Stephen J. Schueler, M.D.

Overview

Body Rash and Feeling Tired 105 Causes

The freeMD virtual doctor has found 105 conditions that can cause Body Rash and Feeling Tired.

Mouse over to view each condition's most common symptoms

There are 7 common conditions that can cause Body Rash and Feeling Tired.
  1. Allergic Reactions
  2. Insect Bite
  3. Skin Infections
  4. Urinary Tract Infection
  5. Venereal Disease in Males
  6. Venereal Disease
  7. Viral Syndrome
There are 13 somewhat common conditions that can cause Body Rash and Feeling Tired.
  1. Drug Side Effect
  2. Epstein Barr Infection
  3. Erythema Infectiosum
  4. Hand, Foot and Mouth Disease
  5. Heat Illness
  6. Immune System Deficiency
  7. Mononucleosis
  8. Mycoplasma Infection
  9. Peripheral Neuropathy
  10. Roseola
  11. Staph Infections
  12. Stress Reaction
  13. Viral Exanthem
There are 17 uncommon conditions that can cause Body Rash and Feeling Tired.
  1. AIDS
  2. Bacterial Endocarditis
  3. Bacterial Meningitis
  4. Celiac Sprue
  5. Chicken Pox
  6. Crohn's Disease
  7. Erythema Multiforme
  8. Herpes Zoster
  9. HIV Infection
  10. Immunization Reaction
  11. Low Neutrophil Count
  12. Marine Sting
  13. Meningitis
  14. Peanut Allergy
  15. Pelvic Inflammatory Disease
  16. Peripheral Vascular Disease
  17. Tick Borne Illness
There are 68 rare conditions that can cause Body Rash and Feeling Tired.
  1. Acquired Aplastic Anemia
  2. Acute Glomerulonephritis
  3. Aplastic Anemia
  4. Behcet's Syndrome
  5. Blastomycosis
  6. Boutonneuse Fever
  7. Chagas Disease
  8. Chronic Lymphocytic Leukemia
  9. Chronic Myelogenous Leukemia
  10. Coccidioidomycosis
  11. Colorado Tick Fever
  12. Congo Hemorrhagic Fever
  13. Dermatomyositis
  14. Discoid Lupus
  15. Drug Induced Lupus
  16. Ebola Hemorrhagic Fever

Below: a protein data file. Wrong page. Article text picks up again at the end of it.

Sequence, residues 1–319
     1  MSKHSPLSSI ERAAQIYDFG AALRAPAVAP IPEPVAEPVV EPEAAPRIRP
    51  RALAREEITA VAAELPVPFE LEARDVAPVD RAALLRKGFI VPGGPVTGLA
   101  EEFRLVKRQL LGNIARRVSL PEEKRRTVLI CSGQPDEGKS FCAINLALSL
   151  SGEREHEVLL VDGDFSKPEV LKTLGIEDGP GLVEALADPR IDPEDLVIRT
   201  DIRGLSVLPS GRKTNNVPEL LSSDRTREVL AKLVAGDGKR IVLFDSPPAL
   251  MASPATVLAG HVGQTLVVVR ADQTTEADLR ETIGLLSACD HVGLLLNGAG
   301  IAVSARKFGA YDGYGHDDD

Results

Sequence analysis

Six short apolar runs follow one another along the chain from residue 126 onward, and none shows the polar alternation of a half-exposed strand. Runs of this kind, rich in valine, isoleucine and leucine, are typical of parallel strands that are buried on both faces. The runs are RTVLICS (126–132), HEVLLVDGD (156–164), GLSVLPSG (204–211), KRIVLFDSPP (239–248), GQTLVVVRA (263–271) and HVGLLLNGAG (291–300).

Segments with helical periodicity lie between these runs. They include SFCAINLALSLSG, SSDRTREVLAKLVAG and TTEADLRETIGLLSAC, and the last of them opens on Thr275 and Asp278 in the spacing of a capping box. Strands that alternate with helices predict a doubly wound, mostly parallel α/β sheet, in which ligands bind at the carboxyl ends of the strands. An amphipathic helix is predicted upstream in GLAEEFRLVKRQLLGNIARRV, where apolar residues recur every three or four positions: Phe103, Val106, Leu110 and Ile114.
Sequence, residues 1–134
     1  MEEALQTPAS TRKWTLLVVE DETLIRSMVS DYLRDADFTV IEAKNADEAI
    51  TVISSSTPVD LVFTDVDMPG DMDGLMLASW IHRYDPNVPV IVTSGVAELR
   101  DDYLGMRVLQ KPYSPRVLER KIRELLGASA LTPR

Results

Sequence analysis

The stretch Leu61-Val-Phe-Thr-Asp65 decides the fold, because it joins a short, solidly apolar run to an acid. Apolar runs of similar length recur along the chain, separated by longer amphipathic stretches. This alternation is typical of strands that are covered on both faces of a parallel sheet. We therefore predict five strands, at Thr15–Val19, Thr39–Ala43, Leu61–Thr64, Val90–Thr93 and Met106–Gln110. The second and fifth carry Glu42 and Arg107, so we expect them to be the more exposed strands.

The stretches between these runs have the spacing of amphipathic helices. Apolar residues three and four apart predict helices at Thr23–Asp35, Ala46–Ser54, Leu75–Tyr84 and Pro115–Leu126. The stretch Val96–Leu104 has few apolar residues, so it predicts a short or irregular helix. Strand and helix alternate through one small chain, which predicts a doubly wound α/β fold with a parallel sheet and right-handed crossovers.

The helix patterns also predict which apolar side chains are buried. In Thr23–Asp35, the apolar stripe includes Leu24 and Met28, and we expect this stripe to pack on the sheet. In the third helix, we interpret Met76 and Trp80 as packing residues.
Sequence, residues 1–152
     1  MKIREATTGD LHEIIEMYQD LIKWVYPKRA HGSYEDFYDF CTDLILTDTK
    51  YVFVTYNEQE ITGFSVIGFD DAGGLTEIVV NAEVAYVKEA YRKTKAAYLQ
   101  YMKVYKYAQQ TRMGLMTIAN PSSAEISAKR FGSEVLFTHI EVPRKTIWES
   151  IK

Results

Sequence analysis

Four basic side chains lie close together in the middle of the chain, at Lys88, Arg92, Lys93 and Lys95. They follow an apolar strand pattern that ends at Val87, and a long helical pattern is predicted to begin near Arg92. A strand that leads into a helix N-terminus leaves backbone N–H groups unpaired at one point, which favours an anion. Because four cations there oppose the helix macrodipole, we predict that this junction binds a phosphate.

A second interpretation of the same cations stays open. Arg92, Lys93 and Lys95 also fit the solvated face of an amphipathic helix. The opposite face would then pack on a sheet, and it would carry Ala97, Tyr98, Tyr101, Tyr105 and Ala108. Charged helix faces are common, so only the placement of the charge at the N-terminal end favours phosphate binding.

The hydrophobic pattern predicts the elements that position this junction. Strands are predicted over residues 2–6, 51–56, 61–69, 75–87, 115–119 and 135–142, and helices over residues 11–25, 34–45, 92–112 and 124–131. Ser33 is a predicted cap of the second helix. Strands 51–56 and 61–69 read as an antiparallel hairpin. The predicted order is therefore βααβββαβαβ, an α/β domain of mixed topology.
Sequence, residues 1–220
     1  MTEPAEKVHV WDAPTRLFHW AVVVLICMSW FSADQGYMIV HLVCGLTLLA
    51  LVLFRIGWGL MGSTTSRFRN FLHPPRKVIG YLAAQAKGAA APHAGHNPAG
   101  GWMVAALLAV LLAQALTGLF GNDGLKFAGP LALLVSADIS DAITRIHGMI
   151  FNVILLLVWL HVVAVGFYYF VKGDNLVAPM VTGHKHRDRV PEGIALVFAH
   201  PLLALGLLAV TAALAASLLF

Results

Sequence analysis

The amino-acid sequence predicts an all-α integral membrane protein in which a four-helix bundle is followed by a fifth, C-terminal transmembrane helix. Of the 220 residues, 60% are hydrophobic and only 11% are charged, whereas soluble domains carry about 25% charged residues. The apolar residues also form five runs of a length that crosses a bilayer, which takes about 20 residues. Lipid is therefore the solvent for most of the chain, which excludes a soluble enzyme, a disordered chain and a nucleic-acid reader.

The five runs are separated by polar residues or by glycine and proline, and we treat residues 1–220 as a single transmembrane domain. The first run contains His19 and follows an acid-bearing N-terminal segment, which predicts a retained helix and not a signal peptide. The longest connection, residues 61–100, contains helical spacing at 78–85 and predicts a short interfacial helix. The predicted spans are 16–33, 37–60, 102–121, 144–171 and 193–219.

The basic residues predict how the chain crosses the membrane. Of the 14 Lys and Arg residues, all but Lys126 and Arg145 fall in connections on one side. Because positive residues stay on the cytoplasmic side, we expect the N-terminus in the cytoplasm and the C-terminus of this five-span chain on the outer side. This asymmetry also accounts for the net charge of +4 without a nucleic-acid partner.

17. Ehrlichiosis
  18. Encephalitis
  19. Equine Encephalitis
  20. Hemolytic Uremic Syndrome
  21. Herpes Encephalitis
  22. Hookworm Infection
  23. Japanese Encephalitis
  24. Juvenile Rheumatoid Arthritis
  25. Kwashiorkor
  26. Leptospirosis
  27. Leukemia
  28. Lupus
  29. Lyme Disease
  30. Lymphoma
  31. Myelodysplastic Syndrome
  32. Non-Hodgkin Lymphoma
  33. Paroxysmal Nocturnal Hemoglobinuria
  34. Periarteritis Nodosa
  35. Phlebotomus Fever
  36. Polio
  37. Psoriatic Arthritis
  38. Q Fever
  39. Rheumatic Fever
  40. Rift Valley Fever
  41. Rocky Mountain Spotted Fever
  42. Rubella
  43. Sarcoidosis
  44. Schistosomiasis
  45. Scleroderma
  46. Scurvy
  47. Sepsis
  48. Septic Thrombophlebitis
  49. Sjogren's Syndrome
  50. Smallpox
  51. Snakebite
  52. Splenomegaly
  53. St Louis Encephalitis
  54. Stevens Johnson Syndrome
  55. Syphilis
  56. Thrombotic Thrombocytopenic Purpura
  57. Toxic Epidermal Necrolysis
  58. Toxic Shock Syndrome
  59. Toxoplasmosis
  60. Trichinosis
  61. Tubo-Ovarian Abscess
  62. Typhoid Fever
  63. Typhus
  64. Ulcerative Colitis
  65. Wegener's Granulomatosis
  66. West Nile Virus
  67. Wilson's Disease
  68. Yellow Fever

Last Updated: Aug 30, 2010 References
Authors: Stephen J. Schueler, MD; John H. Beckett, MD; D. Scott Gettings, MD
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References
  1. Ferri's Clinical Advisor, Fred F. Ferri - 2007
  2. Griffith's 5-Minute Clinical Consult, Mark Dambro - 2006
  3. Harrison's Principles of Internal Medicine, Anthony S. Fauci, Eugene Braunwald, Dennis L. Kasper, Stephen L. Hauser, Dan L. Longo, J. Larry Jameson, Joseph Loscalzo - 2008
  4. Emergency medicine: a comprehensive study guide; Judith E. Tintinalli, Gabor D. Kelen, J. Stephan Stapczynski - 2004
  5. Nelson textbook of pediatrics, Robert Kliegman, Richard E. Behrman, Waldo Emerson Nelson - 2007

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